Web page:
The Tipsy Librarian: Holiday Book Buying Guide


Here in New Orleans, we’re all about lighting up the holiday season. Merchants and residents have jammed strings of lights into every outlet that works (that’s about 50% in our uninsulated post-Civil War shotguns, if you’re curious). Along with electric lights, New Orleans celebrates with bonfire season, a tradition that started in the 1700’s that involves the time-honored tradition of lighting large piles of wood, bamboo, and sometimes fireworks along the curvy Mississippi. Some say the fires helped visiting relatives steer their little boats through the narrow inlets; others say the fires clear debris while simultaneously warn children away from the water.

But, seriously, we all know that practicality is not this city’s forte, and it’s just great fun to light fires. If you’re in my neck of the woods this holiday season, I recommend you partake in a Christmas Eve Reveillon dinner at one of a dozen fine French Quarter restaurants, attend a bonfire party in plantation country, and toast your loved ones with Huey Long’s favorite Sazerac cocktail in the selfsame Sazerac Bar.

If you can’t come to my city this holiday season because you are trapped Somewhere Else, The Tipsy Librarian recommends you celebrate in the next-best way: light fires in your loved ones’ brains by giving them books as gifts.

Here are a few of my very favorite books published this year, with customized recommendations for the variety of readers on your holiday book buying gift list. As an added lagniappe (that’s New Orleans for “bonus”) I’ve included recommended beverage pairings with each. You’re welcome.

Tampa, by Alissa Nutting

This is for the person on your list who likes to be shocked, and, in turn, likes to shock others with shocking things. This might be your token Renegade friend, your avant garde experimental performing poet friend, the friend who nurtures a school teacher fetish, or the literal feminist who likes to take gender equality to its logical conclusion in twisted scenarios of sexual power. Tampa is a page-turning, cynical romp through the eyes of an age-obsessed female school teacher who wishes she could date her students…and does.

Pairs well with: Cheap vodka with 1-5 dashes of blue curacao



A Tale for the Time Being, by Ruth Ozeki

This 400+ pager is for the thoughtful, compassionate environmentalist slash philosophizing humanist slash wanna be Buddhist slash frustrated writer. It is also perfect for anyone who loves to get lost in a different time period when they crack open a book. This is a thoroughly absorbing tale, told through a found diary that washed up on the coast of British Columbia and the narrator, who is a frustrated novelist. It’s one of those books that upon completion, make you feel just a little bit healed of life’s existential wounds. Plus, it was shortlisted for the prestigious Man Booker Prize this year.

Pairs well with: Nigori sake, or a Pinot from the Okanagan Valley, British Columbia



Vintage Attraction, by Charles Blackstone

Buy this book immediately for your oenophile friend, or wanna-be wine lover. Also, any frustrated teacher of intro college English needs this vocabulary-packed, sympathetic look at an adjunct’s embattled lifestyle. Why? Because it’s a wine-soaked love story where the late-blooming school teacher falls head over cork for a local celebrity, because it incorporates words like “coruscating” and “susurrate” correctly, and because Americans need more wine–why shouldn’t it come in the form of Greek varietals?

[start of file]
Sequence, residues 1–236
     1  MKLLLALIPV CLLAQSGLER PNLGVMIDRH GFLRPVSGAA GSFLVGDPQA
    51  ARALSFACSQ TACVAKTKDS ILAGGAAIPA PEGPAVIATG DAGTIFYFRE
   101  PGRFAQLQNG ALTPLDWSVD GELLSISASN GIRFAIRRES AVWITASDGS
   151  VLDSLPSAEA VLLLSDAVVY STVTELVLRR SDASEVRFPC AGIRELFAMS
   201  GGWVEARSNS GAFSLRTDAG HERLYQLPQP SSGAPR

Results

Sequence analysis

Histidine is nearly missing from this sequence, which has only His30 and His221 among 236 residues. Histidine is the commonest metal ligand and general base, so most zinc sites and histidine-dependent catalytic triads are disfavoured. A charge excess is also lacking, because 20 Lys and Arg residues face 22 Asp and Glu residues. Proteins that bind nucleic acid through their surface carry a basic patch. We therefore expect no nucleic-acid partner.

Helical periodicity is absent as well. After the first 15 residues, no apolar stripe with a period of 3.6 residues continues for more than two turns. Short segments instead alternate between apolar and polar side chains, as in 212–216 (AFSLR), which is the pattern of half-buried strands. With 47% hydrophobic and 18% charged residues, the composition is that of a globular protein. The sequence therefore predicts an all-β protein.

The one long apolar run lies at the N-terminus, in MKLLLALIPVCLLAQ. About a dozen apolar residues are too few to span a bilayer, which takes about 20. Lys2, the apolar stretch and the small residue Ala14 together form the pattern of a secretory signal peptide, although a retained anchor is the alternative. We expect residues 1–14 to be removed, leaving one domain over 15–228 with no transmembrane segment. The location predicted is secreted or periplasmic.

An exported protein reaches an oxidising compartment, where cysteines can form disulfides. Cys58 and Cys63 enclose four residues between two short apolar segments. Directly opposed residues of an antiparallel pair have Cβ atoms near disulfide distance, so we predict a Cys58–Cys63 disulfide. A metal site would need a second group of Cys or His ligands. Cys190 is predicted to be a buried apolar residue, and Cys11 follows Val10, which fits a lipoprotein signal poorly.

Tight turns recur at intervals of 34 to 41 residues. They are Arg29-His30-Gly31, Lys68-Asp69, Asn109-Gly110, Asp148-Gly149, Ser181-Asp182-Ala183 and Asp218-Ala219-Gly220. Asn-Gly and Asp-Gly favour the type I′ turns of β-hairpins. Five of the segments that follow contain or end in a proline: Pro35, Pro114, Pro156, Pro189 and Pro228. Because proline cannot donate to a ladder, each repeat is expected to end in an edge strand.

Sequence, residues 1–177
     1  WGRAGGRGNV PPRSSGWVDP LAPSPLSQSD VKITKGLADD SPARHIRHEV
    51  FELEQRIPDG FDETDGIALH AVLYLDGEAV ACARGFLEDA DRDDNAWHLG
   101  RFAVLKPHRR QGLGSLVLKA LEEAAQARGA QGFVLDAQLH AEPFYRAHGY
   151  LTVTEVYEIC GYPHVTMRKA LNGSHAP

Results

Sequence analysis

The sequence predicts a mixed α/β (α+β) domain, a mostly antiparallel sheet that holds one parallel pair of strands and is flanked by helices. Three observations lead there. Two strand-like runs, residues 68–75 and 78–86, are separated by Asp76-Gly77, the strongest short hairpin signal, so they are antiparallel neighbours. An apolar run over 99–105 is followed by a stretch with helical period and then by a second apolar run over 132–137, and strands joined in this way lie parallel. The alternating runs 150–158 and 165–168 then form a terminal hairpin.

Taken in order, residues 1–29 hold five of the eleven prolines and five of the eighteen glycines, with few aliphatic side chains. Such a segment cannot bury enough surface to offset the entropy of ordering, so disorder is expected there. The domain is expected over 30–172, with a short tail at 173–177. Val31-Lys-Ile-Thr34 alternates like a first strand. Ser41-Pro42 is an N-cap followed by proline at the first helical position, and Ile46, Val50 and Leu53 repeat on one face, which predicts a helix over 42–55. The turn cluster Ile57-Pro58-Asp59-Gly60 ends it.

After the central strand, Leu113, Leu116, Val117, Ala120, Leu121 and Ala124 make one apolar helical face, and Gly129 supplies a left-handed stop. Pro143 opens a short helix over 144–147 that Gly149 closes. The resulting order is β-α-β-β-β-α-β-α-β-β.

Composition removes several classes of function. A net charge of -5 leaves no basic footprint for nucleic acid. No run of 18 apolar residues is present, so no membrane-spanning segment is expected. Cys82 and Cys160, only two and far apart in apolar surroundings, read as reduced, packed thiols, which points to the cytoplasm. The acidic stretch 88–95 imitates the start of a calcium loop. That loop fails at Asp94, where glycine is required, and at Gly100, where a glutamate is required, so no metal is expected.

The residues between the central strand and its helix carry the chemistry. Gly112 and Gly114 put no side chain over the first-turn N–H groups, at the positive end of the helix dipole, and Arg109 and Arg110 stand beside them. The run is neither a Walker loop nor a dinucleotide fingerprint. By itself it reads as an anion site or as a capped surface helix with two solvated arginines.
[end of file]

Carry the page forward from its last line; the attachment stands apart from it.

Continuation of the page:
Pairs well with: Xinomavro, or Biblia Chora Areti White. Your wine shop doesn’t speak Greek?  Sink into this delicious escape with a heady California red Zinfandel.



Kabu Kabu, by Nnedi Okorafor

This is for your science fiction fan, your fantasy geek reader, your Game of Thrones fan–who needs to branch out a little. This is for your friend who loves chaos and destruction and is always talking about how arrogant human beings are for seeking control of nature. This is for the friend who applies the Bechdel test to movies, and laments the lack of strong female protagonists in stories. This is for everyone.

Pairs well with: Guinness



Wedlocked, by Jay Ponteri

This is for your deep thinking friend who might be having doubts about his marriage in the form of insatiable crushes on baristas, and needs to hear that others have had those doubts, too, and needs to find solace in the fact that it’s natural to feel desire for people other than your wife from time to time. Especially appropriate for those who grew up listening to Nirvana, Archers of Loaf, Stone Roses,and Superchunk.

Pairs well with: Double macchiato, piping hot, followed smartly on its heels by a shot of rye whisky



Alison Barker

Alison Barker

Freelance Writer at Nola Studiola
Alison Barker, or Ms. Barker to the legions of young minds she’s shaped during fourteen years as a primary, middle school and college teacher, is a writer and critic who currently lives in New Orleans. Her work has appeared in Switchback, Monkeybicycle, Fwriction: Review, Ravenna Press’ Anemone Sidecar, Front Porch, Columbia Journal of Art and Literature, dislocate. Fiction, nonfiction, and theater reviews appear in Bitch, Paste Magazine, Philadelphia Inquirer, Chicago Reader, Rain Taxi, Bookslut, and soon in Los Angeles Review of Books. She enjoys new places and faces, indefatigably drawing connections between people, places, ideas, and good coffee.
Alison Barker
Alison Barker
Alison Barker


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